Mexican authorities say that a copper mine which spewed millions of gallons of acid into a river last month is still causing pollution and the facility's owners are blocking the work of investigators probing the accident.
The massive acid leak in August, involving some 40,000 cubic meters (10.6 million gallons) of sulfuric acid, was one of Mexico's largest ever mining-related environmental disasters.
"As of this moment, the government of Sonora (state) totally breaks off any relationship with the mining company," which is continuing to discharge toxic substances in the river, director of the state civil protection agency, Carlos Arias said at a press conference Friday.
The toxic acid, used to dissolve copper from ore, spilled out of a holding tank at the Buenavista copper mine in Sonora State, one of the largest in the world.
The chemical turned a 60-kilometer (40-mile) stretch of the Sonora River orange, causing authorities to shut off the municipal water supply to 20,000 people in seven towns.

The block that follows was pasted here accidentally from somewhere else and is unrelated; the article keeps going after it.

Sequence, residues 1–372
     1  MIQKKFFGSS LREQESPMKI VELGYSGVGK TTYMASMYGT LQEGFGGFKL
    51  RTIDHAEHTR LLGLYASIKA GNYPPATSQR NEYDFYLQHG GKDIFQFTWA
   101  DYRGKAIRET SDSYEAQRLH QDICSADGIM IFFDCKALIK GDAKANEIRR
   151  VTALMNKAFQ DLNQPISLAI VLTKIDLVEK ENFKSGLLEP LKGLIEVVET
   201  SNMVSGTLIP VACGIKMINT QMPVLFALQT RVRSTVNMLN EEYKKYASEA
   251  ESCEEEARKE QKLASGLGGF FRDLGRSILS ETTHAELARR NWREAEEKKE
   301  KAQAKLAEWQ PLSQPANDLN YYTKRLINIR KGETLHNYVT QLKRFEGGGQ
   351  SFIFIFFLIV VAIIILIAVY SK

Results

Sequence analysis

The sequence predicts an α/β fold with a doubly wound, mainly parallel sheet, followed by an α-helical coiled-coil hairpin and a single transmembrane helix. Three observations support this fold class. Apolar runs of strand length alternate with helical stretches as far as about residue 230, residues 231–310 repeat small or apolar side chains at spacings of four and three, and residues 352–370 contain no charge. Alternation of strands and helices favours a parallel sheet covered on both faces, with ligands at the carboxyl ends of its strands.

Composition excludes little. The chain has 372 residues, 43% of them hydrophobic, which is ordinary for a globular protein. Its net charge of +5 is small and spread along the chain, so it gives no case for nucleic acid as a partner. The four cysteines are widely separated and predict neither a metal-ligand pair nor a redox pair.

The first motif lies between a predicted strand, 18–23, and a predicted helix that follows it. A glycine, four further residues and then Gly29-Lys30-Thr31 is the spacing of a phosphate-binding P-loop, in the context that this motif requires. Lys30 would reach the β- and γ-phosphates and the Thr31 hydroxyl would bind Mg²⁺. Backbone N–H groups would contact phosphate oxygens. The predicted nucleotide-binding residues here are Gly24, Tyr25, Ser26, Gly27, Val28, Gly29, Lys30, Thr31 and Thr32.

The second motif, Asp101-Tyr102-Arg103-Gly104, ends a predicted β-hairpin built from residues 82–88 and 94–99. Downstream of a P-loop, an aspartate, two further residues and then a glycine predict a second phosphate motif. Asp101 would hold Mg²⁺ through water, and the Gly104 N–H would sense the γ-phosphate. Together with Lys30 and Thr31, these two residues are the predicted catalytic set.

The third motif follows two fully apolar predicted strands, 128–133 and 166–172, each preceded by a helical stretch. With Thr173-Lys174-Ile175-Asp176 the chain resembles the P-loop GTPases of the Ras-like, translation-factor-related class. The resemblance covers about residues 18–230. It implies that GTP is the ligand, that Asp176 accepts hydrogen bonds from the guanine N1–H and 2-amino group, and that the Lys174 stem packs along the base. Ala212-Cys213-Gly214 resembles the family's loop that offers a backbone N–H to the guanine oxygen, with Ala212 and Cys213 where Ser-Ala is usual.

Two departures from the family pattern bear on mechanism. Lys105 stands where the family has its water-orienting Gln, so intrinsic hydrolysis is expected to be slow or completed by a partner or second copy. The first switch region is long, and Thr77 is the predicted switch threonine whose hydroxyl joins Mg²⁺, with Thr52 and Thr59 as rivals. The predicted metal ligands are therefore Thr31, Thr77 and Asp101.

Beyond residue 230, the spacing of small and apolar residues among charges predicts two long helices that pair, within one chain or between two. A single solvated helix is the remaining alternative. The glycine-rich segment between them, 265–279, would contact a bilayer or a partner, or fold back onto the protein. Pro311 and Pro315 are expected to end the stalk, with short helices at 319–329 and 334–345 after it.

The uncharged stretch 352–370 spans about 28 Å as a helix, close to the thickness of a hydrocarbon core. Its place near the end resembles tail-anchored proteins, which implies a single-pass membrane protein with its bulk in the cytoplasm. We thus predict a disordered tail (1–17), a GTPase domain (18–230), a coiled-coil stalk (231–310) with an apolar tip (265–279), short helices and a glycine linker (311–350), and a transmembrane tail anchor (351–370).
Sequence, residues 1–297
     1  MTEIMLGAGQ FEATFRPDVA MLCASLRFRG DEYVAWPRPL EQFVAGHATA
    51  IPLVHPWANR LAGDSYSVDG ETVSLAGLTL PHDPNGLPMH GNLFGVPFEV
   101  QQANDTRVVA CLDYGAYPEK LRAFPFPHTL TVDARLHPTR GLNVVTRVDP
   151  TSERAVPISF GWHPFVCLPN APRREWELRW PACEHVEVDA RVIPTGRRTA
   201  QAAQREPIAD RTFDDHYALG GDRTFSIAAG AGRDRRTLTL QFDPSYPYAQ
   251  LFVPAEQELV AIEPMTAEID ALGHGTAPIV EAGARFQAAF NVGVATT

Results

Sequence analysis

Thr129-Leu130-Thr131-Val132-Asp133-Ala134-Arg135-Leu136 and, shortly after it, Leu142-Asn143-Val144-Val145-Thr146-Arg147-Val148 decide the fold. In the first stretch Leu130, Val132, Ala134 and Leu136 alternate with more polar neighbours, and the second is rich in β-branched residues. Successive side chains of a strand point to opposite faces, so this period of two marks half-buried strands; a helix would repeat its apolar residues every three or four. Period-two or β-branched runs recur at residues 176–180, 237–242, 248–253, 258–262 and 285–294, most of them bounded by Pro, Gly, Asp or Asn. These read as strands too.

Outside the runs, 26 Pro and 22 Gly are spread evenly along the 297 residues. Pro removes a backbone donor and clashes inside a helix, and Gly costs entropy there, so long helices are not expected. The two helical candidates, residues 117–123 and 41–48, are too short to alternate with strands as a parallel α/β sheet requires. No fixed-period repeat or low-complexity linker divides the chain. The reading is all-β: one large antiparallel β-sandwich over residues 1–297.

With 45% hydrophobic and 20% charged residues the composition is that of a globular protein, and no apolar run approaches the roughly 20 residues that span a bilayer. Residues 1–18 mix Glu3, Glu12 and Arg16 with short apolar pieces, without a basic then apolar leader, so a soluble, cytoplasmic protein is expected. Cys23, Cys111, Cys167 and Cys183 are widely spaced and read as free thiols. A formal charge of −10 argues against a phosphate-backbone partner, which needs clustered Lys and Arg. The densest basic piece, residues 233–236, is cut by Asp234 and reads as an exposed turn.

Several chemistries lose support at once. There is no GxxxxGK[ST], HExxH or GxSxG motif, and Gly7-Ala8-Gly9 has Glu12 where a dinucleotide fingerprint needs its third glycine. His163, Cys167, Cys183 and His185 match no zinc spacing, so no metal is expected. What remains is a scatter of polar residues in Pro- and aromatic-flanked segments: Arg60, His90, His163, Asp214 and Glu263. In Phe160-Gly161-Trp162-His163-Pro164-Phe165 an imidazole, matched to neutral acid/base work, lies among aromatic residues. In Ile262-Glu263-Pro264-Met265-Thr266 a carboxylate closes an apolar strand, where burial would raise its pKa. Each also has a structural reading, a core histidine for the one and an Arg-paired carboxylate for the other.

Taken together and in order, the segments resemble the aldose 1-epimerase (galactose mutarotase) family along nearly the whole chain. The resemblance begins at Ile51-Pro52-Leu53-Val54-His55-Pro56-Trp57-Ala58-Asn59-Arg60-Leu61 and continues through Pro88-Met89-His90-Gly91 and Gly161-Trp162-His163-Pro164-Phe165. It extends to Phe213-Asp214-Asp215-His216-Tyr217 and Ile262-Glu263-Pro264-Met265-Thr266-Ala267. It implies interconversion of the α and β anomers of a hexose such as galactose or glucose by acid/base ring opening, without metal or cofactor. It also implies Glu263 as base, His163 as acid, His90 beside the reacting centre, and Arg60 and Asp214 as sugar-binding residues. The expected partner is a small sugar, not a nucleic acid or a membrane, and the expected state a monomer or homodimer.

Arias said since the spill, Buenavista, a subsidiary of Grupo Mexico, has blocked access to investigators, and he warned Sonora state authorities would come back -- this time backed up by security forces.
"We will act with the full weight of the law, because they are already in a plan that cannot continue," Arias said, adding the government was mulling permanent closure of the mine.
The mining company "categorically denied the accusations," in a statement Friday night.
"Buenavista del Cobre has worked alongside state authorities," the company said, lamenting "the politicization of the accident."
The mining company has created a fund of two billion pesos ($147 million) to repair the environmental damage. Environmental authorities have also imposed fines of more than 44 million pesos ($3 million) over the spill.
Federal prosecutors are still investigating whether the leak was caused by shoddy construction and installation of the pipeline or, as the company argues, by excessive rains.